This edition of the Canadian Review of Social Policy brings together a sampling of papers presented at the Canadian Conference on Homelessness, held at York University in 2005. Over 700 people gathered at this first large-scale conference on homelessness in Canada, with delegates and presenters coming from all regions of Canada, as well as from abroad. The diversity of content was far reaching, demonstrating the breadth of knowledge and expertise across the country, an important resource for ending homelessness.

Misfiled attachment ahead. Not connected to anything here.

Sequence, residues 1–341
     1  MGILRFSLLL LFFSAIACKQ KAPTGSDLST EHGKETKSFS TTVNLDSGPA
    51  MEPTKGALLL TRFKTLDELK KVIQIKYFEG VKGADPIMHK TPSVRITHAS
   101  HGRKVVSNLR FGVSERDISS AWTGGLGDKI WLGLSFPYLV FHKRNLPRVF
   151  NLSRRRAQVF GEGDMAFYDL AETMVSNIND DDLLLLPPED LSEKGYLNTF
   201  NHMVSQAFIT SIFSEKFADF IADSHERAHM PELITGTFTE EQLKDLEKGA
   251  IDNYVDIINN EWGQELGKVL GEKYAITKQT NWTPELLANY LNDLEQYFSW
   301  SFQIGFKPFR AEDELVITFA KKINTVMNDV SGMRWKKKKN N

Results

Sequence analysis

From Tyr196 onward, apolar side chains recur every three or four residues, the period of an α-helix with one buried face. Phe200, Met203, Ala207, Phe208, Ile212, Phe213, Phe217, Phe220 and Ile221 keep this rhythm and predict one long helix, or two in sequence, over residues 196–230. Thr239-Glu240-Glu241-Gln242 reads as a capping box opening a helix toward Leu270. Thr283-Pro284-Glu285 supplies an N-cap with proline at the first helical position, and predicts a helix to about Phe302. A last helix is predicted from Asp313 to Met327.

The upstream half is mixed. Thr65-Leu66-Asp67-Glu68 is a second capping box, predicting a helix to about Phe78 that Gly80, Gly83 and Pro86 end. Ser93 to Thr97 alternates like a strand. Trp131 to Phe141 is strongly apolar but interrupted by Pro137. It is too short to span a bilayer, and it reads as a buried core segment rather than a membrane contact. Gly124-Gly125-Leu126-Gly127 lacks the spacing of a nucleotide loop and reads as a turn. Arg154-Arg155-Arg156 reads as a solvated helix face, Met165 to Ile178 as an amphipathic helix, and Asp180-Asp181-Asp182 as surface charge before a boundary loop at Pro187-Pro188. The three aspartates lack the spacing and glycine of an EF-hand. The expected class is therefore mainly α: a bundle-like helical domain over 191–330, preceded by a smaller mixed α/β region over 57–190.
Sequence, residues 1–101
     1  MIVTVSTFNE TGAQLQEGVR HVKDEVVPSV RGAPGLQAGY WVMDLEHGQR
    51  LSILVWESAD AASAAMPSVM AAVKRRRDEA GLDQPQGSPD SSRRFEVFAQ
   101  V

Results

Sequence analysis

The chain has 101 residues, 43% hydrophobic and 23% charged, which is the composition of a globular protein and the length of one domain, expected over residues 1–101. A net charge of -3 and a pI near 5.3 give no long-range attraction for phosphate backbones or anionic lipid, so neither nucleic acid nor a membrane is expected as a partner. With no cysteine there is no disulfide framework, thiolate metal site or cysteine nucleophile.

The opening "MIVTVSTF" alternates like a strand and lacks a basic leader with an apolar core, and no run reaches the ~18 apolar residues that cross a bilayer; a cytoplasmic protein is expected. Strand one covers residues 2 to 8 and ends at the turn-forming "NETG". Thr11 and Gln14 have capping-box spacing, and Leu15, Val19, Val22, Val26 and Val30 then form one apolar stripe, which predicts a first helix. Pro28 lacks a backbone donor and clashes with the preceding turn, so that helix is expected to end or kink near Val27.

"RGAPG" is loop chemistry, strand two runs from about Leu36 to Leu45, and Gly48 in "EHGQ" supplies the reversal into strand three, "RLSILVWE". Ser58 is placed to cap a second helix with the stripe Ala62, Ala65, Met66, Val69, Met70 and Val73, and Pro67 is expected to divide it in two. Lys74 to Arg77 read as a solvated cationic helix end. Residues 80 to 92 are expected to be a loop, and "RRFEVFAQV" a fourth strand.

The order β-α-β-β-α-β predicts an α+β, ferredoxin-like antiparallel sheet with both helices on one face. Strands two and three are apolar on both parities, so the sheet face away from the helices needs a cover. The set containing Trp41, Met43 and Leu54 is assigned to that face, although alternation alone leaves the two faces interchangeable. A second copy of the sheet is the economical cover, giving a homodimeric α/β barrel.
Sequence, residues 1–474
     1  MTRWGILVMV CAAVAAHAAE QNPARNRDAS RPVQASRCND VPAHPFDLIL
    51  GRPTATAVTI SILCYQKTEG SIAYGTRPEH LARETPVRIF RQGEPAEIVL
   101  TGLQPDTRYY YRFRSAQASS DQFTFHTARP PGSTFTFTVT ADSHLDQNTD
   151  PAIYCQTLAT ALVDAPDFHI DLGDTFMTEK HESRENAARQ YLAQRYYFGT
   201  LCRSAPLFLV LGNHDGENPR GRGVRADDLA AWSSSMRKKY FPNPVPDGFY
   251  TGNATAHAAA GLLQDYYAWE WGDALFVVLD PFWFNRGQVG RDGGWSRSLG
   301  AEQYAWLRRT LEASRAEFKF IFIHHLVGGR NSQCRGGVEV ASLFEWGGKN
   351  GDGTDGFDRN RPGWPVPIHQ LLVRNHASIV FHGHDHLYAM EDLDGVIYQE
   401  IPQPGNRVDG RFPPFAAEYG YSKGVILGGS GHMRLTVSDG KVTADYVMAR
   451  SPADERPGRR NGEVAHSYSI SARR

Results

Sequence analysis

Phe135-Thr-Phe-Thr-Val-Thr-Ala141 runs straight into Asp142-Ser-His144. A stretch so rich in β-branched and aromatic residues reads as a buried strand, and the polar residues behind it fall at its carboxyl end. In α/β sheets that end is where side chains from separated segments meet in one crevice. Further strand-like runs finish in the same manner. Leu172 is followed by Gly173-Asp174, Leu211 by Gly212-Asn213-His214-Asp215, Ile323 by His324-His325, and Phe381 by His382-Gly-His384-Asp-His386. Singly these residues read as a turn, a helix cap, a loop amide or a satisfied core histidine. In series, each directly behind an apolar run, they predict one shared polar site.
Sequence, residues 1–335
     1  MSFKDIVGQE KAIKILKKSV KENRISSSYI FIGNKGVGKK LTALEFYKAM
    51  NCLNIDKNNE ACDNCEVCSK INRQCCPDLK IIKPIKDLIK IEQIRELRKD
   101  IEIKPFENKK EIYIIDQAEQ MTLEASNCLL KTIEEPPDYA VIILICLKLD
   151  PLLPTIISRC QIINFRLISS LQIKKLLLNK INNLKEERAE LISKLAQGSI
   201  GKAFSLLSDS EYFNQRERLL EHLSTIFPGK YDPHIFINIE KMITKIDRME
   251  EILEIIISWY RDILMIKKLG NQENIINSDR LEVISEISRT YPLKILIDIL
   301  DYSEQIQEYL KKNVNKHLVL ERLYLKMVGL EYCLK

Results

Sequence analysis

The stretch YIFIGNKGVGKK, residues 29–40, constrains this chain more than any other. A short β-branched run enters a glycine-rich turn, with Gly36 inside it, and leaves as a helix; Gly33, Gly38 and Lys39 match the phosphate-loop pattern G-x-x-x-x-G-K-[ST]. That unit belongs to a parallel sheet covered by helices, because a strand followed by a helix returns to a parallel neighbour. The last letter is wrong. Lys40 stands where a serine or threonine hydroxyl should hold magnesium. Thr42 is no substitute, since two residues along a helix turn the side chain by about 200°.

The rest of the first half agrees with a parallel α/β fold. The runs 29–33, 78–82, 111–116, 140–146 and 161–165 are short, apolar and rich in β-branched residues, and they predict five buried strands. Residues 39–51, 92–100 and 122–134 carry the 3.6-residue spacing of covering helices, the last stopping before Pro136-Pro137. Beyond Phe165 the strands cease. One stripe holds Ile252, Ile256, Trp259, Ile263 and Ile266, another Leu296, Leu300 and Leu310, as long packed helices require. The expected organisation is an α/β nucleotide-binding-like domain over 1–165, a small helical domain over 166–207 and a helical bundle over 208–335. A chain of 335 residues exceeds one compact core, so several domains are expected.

The conference provided an opportunity for researchers and people who would most benefit from knowing about their research to come together. Those who attended are well aware that over the past 15 years, the problem of homelessness in Canada has increased considerably in severity. Cutbacks to the social safety net have made many more people vulnerable to homelessness. They have also made the challenge of getting off the streets that much harder for those who are already homeless. In the absence of a comprehensive, well-funded strategy to end homelessness focusing both on prevention as well as offering pathways off the streets, service providers and different levels of government have struggled to meet the needs of an increasingly diverse homeless and under housed population. Temporary shelters, drop-ins, nutrition programs, services for those with addictions or mental health challenges have multiplied across the country. Arguably, these diverse and extensive responses to homelessness have developed largely in an ad-hoc manner, without being adequately informed by a range of helpful information including research, best practices, and useful experiences from elsewhere in the country.